It is not enough to be able to give business managers and policy-owners access to the rule base. To effectively manage their own rules they need applications that completely hide the structured rule language. These applications must allow rules to be safely constructed and modified by the right people with the right data entry controls. These data entry controls must be driven by the actual data stored in existing systems and changes must be deployable on demand without service interruption or downtime. Conversely, multiple rule managers should be allowed to make revisions for deployment at later times, when scheduled and reviewed by systems personnel.
Browser-based Web access to rule maintenance applications, such as Blaze Advisor allows, have proven to be an effective method for providing remote, secure access to rule maintenance. Login and security controls allow access levels to be defined for various individuals or functional groups, each of whom has a different view on to the rules and differing levels of power over what may be changed. Users may be given the ability to add, modify, or delete portions of rules, individual rules, or entire sets of rules dealing with a particular logical function.

6. Frameworks for reuse

To promote enterprise consistency and reuse, a rules management technology must provide a framework allowing the reuse of rule structures and the sharing of rules between applications and service delivery channels. A single definition of rules to accomplish a business task should be stored centrally and made accessible to multiple applications. For instance, rules to verify a valid support contract would be called upon by a CRM system, a Web self-service site, and a voice response system rather than being programmed separately in each system. Application Service Providers often wish to allow a common set of rules that apply to all end users visiting their site, with individual rules applied as appropriate for the hosted company servicing the customer. Grouping rules into functional component blocks (Blaze Advisor refers to these as rulesets) permits them to use parameters, returned results, and inheritance to provide reusable functionality across a range of calling applications.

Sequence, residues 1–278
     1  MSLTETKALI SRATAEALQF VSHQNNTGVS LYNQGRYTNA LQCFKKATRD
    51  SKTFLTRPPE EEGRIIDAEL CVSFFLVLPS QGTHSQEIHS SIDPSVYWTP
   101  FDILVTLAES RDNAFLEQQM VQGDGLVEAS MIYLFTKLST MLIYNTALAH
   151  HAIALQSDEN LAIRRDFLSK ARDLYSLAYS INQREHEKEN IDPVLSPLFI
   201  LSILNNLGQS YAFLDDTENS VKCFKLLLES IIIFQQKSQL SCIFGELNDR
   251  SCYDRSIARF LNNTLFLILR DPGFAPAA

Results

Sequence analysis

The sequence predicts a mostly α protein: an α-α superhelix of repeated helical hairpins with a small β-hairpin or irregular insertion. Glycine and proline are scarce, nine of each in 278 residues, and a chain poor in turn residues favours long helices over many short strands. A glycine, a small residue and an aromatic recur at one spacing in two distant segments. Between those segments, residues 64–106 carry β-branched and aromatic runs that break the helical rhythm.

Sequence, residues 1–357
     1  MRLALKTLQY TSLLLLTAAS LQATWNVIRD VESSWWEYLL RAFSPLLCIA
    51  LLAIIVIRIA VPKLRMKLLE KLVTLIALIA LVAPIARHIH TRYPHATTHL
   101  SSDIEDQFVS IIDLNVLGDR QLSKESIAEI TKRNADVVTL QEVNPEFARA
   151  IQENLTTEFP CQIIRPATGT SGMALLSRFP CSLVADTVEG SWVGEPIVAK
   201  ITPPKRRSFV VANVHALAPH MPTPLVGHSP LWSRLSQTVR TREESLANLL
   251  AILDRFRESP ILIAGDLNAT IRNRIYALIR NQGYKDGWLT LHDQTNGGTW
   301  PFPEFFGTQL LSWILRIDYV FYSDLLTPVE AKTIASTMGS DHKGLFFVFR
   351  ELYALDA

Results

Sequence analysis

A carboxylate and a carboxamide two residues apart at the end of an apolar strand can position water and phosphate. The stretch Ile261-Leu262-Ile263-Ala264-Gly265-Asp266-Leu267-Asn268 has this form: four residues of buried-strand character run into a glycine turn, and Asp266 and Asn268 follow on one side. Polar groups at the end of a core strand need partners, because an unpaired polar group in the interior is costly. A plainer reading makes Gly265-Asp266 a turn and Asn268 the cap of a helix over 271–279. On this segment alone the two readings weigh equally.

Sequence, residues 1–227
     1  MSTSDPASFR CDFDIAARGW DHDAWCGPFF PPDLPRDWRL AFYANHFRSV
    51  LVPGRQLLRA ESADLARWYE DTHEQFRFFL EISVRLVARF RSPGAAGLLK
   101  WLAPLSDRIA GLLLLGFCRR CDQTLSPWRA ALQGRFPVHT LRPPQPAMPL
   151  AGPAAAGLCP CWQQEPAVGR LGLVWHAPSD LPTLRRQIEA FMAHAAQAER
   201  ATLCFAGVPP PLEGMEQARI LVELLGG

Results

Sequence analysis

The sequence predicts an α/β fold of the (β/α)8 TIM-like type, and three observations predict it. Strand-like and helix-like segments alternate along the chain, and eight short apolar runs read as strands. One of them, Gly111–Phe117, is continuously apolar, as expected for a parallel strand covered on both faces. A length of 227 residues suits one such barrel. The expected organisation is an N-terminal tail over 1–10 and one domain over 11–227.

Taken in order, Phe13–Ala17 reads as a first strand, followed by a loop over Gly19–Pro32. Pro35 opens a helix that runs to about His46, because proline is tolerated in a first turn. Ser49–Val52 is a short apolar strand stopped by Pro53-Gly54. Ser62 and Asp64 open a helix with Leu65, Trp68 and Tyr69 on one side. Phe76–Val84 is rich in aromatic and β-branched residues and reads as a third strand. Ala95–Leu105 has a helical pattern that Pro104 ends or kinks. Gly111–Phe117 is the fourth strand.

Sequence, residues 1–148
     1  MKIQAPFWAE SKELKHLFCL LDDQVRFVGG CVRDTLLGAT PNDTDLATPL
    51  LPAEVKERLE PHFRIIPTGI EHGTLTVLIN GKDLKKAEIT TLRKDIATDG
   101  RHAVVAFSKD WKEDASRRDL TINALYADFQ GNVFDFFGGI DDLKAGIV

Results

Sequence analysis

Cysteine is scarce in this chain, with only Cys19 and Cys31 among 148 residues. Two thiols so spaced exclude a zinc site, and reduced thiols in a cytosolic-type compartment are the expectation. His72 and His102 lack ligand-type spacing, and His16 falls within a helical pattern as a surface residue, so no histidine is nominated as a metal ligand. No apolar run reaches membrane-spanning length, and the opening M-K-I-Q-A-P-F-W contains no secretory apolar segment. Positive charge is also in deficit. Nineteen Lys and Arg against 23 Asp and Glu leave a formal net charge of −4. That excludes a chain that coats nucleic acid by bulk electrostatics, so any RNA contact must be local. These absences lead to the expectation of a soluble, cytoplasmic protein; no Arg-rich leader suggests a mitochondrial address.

7. Scalable deployment

To support large scale systems, it must be possible to deploy rule services across one or many applications on one or many hosts in a large distributed computing environment. The rule service must support a wide range of platforms and it must take advantage of scalable architectures such as J2EE application servers so that it scales as well as they do.